Foreign Minister John Baird’s visit to seven countries in Central and South America, concluding with Brazil, where he will continue the annual Canada-Brazil Strategic Partnership Dialogue commenced last year, is a reassuring indication of the Harper government’s commitment to building and consolidating relationships in the Americas.
Taking the time and effort to understand the region and its dynamics will pay off in terms of status and influence, but today, Canada can also derive important lessons from the region. The last country on Mr. Baird’s itinerary, Brazil, deserves particular attention.
Brazil is a vast country with a diverse population, one of the world’s major producers of food, energy and minerals, and the No. 1 producer of coffee, sugar cane and orange juice. It is abundantly rich in natural resources and has leveraged them for economic growth.
But unlike Canada, it has consistently engaged globally with particular countries and regions over the course of the past two decades as part of a strategy to ensure sustainable economic growth. Also unlike Canada, Brazil has leveraged its natural and strategic resources over the past decade to transform itself into a global power – the sixth-largest economy in the world – featuring as strong a sense of social purpose as of economic might.
In the 1990s, president Fernando Henrique Cardoso saw active insertion into the global economic and political order as imperative to the consolidation of democracy and the fight against inequality. Early in the next decade, Luiz Inacio Lula da Silva’s populist galvanization of the country’s potential produced a unique social compact that lifted 12 million people out of poverty and supported the expansion of Brazil’s regional and global leadership.
The extent to which Brazil is accepted as the region’s leader is debatable – countries such as Colombia and Argentina balk at Brazilian dominance – but its emergence as a counterweight to the United States in the Americas and voice for the global South is clear. Mr. Cardoso’s government resisted the Free Trade Area of the Americas proposal, refused to participate in Bill Clinton’s Plan Colombia and strongly opposed both the Cuban embargo and the attempt to depose Venezuela’s Hugo Chavez in 2002.
Lula opposed the Honduras coup and the U.S. refusal to back the deposed president’s return. The decision to back Iran’s pursuit of peaceful nuclear energy was further indication that Brazil had no intention of aligning its foreign policy with Washington’s. During Lula’s reign, Brazil opened 33 new embassies, 19 consulates and five new diplomatic missions.
Today, Brazil boasts one of the world’s highest rates of foreign investment and participates as vigorously at the World Economic Forum as it does at the World Social Forum. The recent protests are a result of the new middle class’s rising expectations, and indicative of the fast pace of social and economic development.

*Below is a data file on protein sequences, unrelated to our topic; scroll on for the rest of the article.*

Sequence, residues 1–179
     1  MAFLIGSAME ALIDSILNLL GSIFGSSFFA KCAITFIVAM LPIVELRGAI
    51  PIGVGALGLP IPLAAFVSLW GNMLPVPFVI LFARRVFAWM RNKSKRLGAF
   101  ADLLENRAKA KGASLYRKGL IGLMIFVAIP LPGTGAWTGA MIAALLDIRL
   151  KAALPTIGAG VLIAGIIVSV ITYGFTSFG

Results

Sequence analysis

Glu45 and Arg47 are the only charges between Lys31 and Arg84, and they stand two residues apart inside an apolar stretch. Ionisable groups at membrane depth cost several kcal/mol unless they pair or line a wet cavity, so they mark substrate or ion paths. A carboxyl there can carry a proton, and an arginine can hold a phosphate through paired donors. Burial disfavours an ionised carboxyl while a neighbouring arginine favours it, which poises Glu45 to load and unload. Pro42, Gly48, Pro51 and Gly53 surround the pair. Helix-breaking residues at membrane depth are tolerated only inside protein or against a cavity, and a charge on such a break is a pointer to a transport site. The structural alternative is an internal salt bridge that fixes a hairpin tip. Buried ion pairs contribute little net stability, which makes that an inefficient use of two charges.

Canada’s natural economic competition with Brazil in areas such as agriculture, energy, minerals and aerospace, combined with Brazil’s leadership on the climate file, have already pushed Canada-Brazil relations to concentrate on specific issues. While science, technology, energy and education are key to moving relations forward, other areas warrant observation, such as diversity management.
The Brazilian population is one of the most varied in the world. Approaching 200 million people and encompassing people of African, European, Middle Eastern and indigenous descent, Brazil also boasts the largest Japanese population outside of Japan; the largest Italian population outside of Italy; and the largest Lebanese population outside of Lebanon.
As it developed, Brazil created a redistributive system designed to address problems faced by those most economically and socially disadvantaged, regardless of race, tenure, ethnicity or geography. Clearly, the results have been mixed, but the concept of a social contract between the country’s wealthiest and poorest is well entrenched.
There is a lesson here for Canada. The social fabric of this country is the result of the successful integration of people and cultures attracted to social and political freedom and economic opportunity. Today, however, as Canada seeks to develop its northern regions, natural resources and energy infrastructure, relations and communications with indigenous peoples remain shamefully underdeveloped, and the needs and aspirations of many communities are woefully misunderstood or ignored.
As we work toward a compact with our own people to gain that essential social licence, a better understanding of the terms of Brazil’s emergence and current social unrest may offer insights.
Jennifer Jeffs is president of the Canadian International Council.
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